Hours later I raise my hand to my nose. It’s running cold and wet, like a dog. I feel my heart growing sore. I look at my hand, huge white hand, and put it on Dad’s knee. He puts his over mine. And now I am holding hands with him, right now. He is in my hand. Beyond my hands the floor begins to move. An enormous snake. I ride a gargantuan snake.
I can’t move but I want to lie down. I look around and see an empty mattress not far. Can we help you? they ask. Yes. I need to lie down. They help me stand and stumble to a mattress on the floor. Which way do you want to face? I choose the night sky. To lie down. To bring my things. To bring the basket. They put water by me and tissues. I cry now. Dad is with me. He swirls. He is leaving now. Forever. And he enters me now forever. My cells swell with light. The door between worlds dissolves. The ceiling above shimmies, but I can’t close my eyes. There is too much sensation, too much too much. Around the bed the floor slowly heaves–I am on a raft in a wide dark sea–but I no longer feel nauseous. I am uneasy. My nose is cold. I am cold! That’s it. That’s what is amiss. I look plaintively around and someone comes to me. Can I help? Yes, I am cold. Then there is another blanket on me and then someone’s jacket. I stop shivering. I feel for the first time in a very long time, neutral.
My pelvic floor is the rich dark lot of a primordial forest. On it is a homunculus-size skeleton. My father. He looks so perfect. So beatific. He gently rises and goes to my left hip. He breaks off a bit of his rib and begins repairing my hip, poking bits of his bone into mine. After a while he makes his way across to my other hip…
I fade away, open my eyes, the night is soft. I hear singing. The group is singing. They sound joyful.
I made it through that very long journey. The most glittering realizations concerned my late father, my abruptly crippled hips as well as a sense of metaphysical knowing and spiritual understanding, but the more mundane weathering of purging has lingered with me as well.
All my life I had refused to vomit. I suffered through nausea, making my body pass everything through my digestive track. During the journey, as I threw up again and again, others saw me and helped me, and after a while I grew accustomed to the intense roil rising and subsiding. My resistance gradually diminished. I woke the next day relieved of the shame of being trouble to others in times of need, and appreciating my body’s ability to eliminate, to clear, to take out the trash.
I was educated, as we all are, to hide elimination–coughing, sneezing, farting, peeing, pooping, vomiting–from everyone but a caregiver. I am happy for such social graces, but I also hid theses eliminations from myself. My appetites and desires, as long as they weren’t too gluttonous, could live in both the light of society and the light of my awareness, however the inevitable and necessary elimination would take place behind closed door, invisibly. (My dog also had this sense of decorum preferring to vomit her over-indulgences behind a chair or in a dark corner.)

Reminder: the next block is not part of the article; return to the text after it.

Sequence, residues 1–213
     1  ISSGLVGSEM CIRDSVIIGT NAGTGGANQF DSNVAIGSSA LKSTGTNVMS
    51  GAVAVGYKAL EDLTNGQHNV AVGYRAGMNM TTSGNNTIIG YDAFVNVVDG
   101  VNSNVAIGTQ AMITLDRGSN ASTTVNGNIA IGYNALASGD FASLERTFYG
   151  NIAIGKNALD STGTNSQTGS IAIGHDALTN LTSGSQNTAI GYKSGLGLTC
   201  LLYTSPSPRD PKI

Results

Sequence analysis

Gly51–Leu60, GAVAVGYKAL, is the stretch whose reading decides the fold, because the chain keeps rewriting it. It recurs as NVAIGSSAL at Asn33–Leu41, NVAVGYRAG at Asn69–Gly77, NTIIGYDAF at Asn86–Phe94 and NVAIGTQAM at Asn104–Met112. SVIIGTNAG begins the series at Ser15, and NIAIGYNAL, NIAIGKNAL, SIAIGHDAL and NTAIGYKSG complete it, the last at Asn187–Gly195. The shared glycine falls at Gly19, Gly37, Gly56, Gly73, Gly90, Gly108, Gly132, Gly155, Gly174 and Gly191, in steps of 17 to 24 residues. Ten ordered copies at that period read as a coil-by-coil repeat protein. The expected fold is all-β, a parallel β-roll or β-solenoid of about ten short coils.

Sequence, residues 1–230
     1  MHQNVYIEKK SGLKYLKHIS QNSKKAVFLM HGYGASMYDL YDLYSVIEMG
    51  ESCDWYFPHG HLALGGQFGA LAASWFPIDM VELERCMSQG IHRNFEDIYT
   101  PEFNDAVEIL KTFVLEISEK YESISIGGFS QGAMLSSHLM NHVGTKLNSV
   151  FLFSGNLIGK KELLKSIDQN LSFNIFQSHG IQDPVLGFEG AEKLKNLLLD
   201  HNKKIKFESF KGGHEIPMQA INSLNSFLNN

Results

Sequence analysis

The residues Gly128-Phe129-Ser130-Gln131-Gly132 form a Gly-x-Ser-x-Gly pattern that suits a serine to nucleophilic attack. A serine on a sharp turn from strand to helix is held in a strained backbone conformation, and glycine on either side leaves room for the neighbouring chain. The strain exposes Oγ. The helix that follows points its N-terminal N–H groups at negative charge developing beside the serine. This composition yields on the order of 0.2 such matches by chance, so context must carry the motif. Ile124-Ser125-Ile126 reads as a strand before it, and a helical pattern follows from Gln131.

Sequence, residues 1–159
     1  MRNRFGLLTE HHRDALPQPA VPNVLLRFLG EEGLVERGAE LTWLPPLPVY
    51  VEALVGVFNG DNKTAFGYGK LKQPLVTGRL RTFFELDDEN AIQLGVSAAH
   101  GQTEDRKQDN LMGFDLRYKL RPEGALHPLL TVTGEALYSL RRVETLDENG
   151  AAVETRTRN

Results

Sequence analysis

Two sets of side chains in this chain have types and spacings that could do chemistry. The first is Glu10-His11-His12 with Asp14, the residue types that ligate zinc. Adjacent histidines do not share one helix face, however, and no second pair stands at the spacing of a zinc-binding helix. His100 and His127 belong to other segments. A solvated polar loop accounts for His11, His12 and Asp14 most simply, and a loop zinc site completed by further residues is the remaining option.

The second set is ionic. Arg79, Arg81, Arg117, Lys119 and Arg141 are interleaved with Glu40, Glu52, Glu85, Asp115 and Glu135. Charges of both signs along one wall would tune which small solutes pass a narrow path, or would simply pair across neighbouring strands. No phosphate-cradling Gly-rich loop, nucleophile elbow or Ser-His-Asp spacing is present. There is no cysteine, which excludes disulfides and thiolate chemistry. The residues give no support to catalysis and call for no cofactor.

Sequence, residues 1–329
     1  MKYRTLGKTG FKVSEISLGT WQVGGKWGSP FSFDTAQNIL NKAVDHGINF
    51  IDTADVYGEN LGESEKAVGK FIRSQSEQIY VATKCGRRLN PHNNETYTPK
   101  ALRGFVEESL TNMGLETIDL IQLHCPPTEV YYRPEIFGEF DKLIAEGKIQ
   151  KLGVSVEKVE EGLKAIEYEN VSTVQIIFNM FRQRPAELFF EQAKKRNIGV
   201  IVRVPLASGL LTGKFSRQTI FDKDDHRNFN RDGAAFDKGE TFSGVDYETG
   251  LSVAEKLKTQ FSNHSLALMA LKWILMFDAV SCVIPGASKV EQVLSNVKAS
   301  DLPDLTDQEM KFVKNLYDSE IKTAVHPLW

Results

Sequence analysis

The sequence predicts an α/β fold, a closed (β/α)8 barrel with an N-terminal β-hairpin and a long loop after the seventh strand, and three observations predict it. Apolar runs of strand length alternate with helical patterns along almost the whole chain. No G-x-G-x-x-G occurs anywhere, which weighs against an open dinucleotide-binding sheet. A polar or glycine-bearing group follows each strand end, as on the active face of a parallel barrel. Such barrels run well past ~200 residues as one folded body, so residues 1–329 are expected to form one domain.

This is all fine. Except that because my throwing up had caused my mother trouble, the seed of shame froze in me in a larger-than-life dimension and leaked into other body perceptions. I had a lopsided bodily experience, a feeling that elimination was disconnected from ingestion, as if it was something completely separate. I felt that I could ingest without consequence. This model of division played out in many arenas. I would pursue a desire without considering where it might lead, and it lead often enough to foreseeable unhappiness which I resented because I did not want to connect desire with consequence. I cried my guts out from being with a man who was obviously wrong wrong wrong from point one, or fractured my shin from starving myself then dancing too hard and too competitively. I refused to approach my life with any caution, or with the simple common sense of foreseeable consequence.
Life has taught me, tamed me. Less charmed by my desires, seeing the end at the beginning, I have become an epicure of consequence, but it took those hours in the journey to purge this childhood boondoggle from my flesh. I now feel a relaxation with all our marvelous bodily clearings. Shame and resistance is gone and now it easier to not ingest what I don’t wish to eliminate. Why poison myself? I simply turn away if I don’t wish the entire experience.
Most important, I am at peace with knowing that elimination is a form of death, the end of a process. I open to the daily death passing through me.
And then I stumble upon this amusing passage from Proust:
“…what delighted me was the asparagus, steeped in ultramarine and pink [terrine], whose tips, delicately painted with little stokes of mauve and azure, shade off imperceptibly down to their feet–still soiled though they are from the dirt of their garden–with an iridescence that is not of this earth. It seemed to me that these celestial hues revealed the delicious creatures who had merrily metamorphosed themselves into vegetables and who, through the disguise of their firm, edible flesh, disclosed in these early tints of dawn, in these beginnings of rainbows, in this extinction of blue evenings, the precious essence that I recognized again when, all night following a dinner at which I had eaten them, they played, in farces as crude and poetic as a fairy play by Shakespeare, at changing my chamber pot into a jar of perfume.”